• Set up a financial plan. If you’re caring for someone and want to ensure you and they are well prepared, you should have a plan.  A financial plan can help you build wealth over time, aiding the protection of your financial future. If that sounds like a good idea, it could be good to find a trusted financial adviser who can help you on this journey. It’s not just about planning for the future either. A financial adviser can help adjust your current situation as well as preparing you and your family for the years ahead.

Other help available: 

Carers Australia and the National Carer Network have a range of support services and programs available to help people to get the practical, financial and emotional support they need. Get in touch with the Carer Association in your state or territory to find out more:


If you’re a Young Carer, there is young carer specific support available through Carers Australia, the state and territory Carer Associations and the Carer Gateway Service Providers. Also Little Dreamers, a Westpac Foundation grant recipient is a community organisation that can help young carers to feel supported, valued and empowered through their short term and long term programs.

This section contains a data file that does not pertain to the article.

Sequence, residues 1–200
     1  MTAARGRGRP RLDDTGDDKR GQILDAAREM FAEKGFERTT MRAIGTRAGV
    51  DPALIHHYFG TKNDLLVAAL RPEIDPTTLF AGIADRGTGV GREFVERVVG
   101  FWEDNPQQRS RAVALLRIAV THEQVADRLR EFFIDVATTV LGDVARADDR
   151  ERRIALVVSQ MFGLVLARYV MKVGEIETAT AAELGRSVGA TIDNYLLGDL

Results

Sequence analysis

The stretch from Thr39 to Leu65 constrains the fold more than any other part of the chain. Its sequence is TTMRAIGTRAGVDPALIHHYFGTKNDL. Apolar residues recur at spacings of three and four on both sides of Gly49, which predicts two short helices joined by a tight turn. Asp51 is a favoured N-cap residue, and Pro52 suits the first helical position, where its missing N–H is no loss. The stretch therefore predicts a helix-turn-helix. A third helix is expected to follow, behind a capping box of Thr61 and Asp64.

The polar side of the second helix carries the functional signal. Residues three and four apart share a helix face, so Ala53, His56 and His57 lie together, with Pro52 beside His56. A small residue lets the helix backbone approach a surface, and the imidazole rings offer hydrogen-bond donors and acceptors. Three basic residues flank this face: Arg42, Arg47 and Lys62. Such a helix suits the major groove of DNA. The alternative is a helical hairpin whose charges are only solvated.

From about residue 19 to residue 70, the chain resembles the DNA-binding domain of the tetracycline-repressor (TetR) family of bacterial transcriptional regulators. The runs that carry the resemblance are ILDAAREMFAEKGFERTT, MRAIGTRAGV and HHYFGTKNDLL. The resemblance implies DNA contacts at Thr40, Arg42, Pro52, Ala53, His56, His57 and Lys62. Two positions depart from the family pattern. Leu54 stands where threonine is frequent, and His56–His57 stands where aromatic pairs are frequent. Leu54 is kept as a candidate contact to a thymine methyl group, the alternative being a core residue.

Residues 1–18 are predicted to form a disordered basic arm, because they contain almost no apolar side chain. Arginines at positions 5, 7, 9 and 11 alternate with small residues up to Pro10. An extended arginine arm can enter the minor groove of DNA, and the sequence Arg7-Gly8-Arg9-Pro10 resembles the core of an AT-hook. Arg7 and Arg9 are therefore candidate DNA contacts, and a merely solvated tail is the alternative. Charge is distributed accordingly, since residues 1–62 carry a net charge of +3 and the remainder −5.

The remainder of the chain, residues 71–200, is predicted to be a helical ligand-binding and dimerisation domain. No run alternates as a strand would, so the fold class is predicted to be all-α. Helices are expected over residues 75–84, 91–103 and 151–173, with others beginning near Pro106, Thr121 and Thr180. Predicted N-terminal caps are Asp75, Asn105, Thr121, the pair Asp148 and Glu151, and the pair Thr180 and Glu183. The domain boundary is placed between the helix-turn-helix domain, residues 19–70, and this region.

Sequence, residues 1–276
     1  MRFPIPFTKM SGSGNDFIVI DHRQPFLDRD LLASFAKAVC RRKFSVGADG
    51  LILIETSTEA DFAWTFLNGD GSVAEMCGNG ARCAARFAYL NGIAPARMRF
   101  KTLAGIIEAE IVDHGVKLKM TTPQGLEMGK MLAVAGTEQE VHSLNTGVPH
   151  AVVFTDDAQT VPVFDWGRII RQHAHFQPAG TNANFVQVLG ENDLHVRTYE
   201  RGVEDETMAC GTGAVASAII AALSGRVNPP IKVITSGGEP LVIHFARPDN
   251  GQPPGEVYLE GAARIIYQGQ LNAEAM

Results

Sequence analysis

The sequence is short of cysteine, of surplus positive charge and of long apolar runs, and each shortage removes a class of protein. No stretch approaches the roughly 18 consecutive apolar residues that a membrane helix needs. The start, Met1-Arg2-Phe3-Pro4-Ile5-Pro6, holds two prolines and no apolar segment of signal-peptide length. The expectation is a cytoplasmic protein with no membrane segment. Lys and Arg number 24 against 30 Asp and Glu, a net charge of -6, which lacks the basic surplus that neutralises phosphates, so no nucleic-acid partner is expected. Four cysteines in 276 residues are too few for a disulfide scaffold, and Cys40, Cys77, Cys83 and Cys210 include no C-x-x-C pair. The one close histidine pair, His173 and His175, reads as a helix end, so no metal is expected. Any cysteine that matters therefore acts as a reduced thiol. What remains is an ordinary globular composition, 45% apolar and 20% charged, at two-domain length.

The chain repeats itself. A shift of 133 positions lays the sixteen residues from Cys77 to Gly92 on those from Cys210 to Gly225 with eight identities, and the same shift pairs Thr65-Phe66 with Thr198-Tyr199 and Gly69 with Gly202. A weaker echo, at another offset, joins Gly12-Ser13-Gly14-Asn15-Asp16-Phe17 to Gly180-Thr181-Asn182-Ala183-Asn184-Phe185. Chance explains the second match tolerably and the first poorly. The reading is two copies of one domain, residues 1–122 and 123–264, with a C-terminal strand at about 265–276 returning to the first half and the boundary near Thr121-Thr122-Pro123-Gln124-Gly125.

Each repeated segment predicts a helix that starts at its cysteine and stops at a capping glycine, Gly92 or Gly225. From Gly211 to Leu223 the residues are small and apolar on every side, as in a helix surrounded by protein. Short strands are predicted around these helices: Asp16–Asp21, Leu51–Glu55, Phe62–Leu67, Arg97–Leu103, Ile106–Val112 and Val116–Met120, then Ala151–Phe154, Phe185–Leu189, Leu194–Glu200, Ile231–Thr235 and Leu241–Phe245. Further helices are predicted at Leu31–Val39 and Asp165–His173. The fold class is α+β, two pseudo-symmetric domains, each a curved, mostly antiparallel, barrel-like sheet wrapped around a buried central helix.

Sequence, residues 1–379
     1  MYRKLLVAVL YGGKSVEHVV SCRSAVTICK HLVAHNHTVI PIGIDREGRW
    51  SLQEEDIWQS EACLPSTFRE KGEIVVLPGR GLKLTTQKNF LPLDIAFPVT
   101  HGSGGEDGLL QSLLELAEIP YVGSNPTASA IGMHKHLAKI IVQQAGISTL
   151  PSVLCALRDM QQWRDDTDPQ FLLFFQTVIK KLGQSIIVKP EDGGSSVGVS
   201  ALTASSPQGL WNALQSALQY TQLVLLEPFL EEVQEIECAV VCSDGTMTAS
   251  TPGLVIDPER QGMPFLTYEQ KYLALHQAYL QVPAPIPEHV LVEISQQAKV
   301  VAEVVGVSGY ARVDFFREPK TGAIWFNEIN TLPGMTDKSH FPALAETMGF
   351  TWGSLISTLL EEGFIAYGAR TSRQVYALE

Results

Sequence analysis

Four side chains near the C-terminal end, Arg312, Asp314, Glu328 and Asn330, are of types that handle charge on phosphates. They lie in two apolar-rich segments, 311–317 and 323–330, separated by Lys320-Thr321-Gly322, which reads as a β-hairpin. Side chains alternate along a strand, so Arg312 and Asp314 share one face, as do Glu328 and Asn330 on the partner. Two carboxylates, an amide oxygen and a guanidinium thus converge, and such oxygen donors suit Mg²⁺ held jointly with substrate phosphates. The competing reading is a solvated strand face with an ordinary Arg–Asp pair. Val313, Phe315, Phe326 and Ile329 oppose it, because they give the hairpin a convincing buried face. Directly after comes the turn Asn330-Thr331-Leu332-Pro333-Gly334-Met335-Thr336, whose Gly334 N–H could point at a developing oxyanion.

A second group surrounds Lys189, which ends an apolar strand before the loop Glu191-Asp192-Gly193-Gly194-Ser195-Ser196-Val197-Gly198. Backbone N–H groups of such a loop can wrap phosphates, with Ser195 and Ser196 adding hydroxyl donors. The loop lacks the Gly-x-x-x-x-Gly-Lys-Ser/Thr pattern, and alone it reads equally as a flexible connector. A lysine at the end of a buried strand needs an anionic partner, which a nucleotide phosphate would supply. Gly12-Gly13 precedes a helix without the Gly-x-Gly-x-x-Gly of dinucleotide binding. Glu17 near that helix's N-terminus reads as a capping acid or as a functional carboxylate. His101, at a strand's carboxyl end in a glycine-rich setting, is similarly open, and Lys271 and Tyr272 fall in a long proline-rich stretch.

This information is general in nature and has been prepared without taking your objectives, needs and overall financial situation into account. For this reason, you should consider the appropriateness for the information to your own circumstances and, if necessary, seek appropriate professional advice. © Westpac Banking Corporation ABN 33 007 457 141 AFSL and Australian credit licence 233714.


author thumbnail image

Lali Wiratunga

Lali Wiratunga believes in encouraging positive financial behaviours to boost people’s financial confidence. He also advocates for the role of innovation, creativity and entrepreneurship in helping people and organisations deliver social impact and financial sustainability. In 2016, Lali was recognised for creating a positive impact through Pro Bono Australia’s Impact 25. Following a career as a corporate lawyer and management consultant in the UK, he's had 14 years experience in roles across financial services in Australia. His volunteer roles include a seat on the Board of TAD, a disability services organisation, and is a member of the Alumni Advisory Board at UNSW Business School, where he mentors students and advocates for the value of business education.

Was this helpful?